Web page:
Three UNSW researchers have been awarded prestigious Australian Academy of Science medals for their outstanding research in mathematics and quantum physics.

The Academy presents the annual honorific awards to recognise scientific excellence by a range of researchers, from those in the early stages of their careers to those who have made life-long achievements.

Scientia Professor Trevor McDougall, of the School of Mathematics and Statistics, and Scientia Professor Michelle Simmons, of the School of Physics, have both been awarded career medals.

Associate Professor Catherine Greenhill, in the School of Mathematics and Statistics, has been awarded an early to mid-career medal.

Professor McDougall, who is internationally renowned for his ground-breaking work on ocean mixing processes and the thermodynamics of seawater, will receive the 2015 Jaeger Medal for Australian Earth science.

“His discoveries have improved ocean climate models and changed the way oceanographic data are analysed, thereby increasing the accuracy of the science and confidence in models of the coupled atmosphere-ocean-ice climate system,” the Academy citation notes.

Professor Simmons, Director of the ARC Centre of Excellence for Quantum Computation and Communication Technology at UNSW, will receive the 2015 Thomas Ranken Lyle Medal for research in mathematics or physics.

She has pioneered a radical new technology for creating atomic-scale devices, producing the first ever electronic devices in silicon where individual atoms are placed with atomic precision and shown to dictate device behaviour.

“Her ground-breaking achievements have opened a new frontier of research in computing and electronics globally, providing a platform for redesigning conventional transistors at the atomic scale and for developing a silicon-based quantum computer – a powerful new form of computing with the potential to transform information processing,” the Academy notes.

Associate Professor Greenhill is a joint winner of the 2015 Christopher Heyde Medal for mathematic sciences. She is internationally recognised as a leading expert in asymptotic, probabilistic and algorithmic combinatorics.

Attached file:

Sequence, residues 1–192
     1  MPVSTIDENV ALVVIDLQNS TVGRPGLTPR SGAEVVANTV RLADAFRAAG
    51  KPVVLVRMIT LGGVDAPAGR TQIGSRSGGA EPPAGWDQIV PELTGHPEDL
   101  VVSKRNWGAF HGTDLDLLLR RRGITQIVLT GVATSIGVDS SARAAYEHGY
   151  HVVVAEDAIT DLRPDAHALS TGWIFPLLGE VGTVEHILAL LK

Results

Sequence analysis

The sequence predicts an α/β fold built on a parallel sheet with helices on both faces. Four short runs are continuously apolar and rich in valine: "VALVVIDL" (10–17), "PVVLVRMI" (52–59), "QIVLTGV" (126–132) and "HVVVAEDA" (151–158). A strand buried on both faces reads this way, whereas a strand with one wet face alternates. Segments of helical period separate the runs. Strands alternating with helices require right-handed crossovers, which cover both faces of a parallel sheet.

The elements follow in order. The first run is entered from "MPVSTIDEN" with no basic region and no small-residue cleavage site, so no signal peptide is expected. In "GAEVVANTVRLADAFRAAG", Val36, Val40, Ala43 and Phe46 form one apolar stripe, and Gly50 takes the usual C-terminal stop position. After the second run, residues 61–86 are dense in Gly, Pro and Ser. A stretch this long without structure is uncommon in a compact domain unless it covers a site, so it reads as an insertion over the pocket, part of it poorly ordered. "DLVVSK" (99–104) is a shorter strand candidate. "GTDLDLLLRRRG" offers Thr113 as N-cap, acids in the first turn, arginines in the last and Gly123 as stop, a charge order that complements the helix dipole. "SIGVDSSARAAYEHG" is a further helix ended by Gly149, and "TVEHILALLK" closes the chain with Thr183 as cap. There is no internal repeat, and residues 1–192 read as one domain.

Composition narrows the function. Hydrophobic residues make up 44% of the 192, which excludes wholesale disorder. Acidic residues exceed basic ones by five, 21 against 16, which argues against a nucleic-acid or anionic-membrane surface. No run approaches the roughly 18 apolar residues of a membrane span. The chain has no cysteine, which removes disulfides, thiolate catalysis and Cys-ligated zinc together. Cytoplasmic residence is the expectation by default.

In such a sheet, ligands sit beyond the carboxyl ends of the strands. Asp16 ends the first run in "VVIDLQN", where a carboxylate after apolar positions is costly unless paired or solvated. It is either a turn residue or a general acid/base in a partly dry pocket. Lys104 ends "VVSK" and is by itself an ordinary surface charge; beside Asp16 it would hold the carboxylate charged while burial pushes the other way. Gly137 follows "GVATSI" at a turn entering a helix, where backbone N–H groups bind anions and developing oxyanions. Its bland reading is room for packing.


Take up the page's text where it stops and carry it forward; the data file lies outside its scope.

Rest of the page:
“By studying fundamental combinatorial objects, such as graphs, she tackles problems of major significance to pure mathematics. Her highly cited research achievements include new formulae and algorthims that have found broad application in many areas, from statistics to computer science, from physics to cryptography,” the Academy notes.

The Academy also awards a number of grants and fellowships to help support scientists’ research, scientific conferences and international travel.

Dr Michalis Hadjikakou, of the UNSW School of Civil and Environmental Engineering, was also awarded the W H Gladstone Population and Environment Fund Grant to continue his research on the environmental, economic and health impacts of the Australian diet.

The Academy President, Professor Andrew Holmes, congratulated all the award winners and grant recipients.

“This year’s award winners represent an incredible list of Australia’s scientific achievements, across a huge range of areas, from medicine to maths and engineering,” he said.

The awards will be formally presented at the Academy’s annual three-day celebration of Australian Science, Science at the Shine Dome.

Media contact: Deborah Smith: 9385 7307, 0478 492 060,



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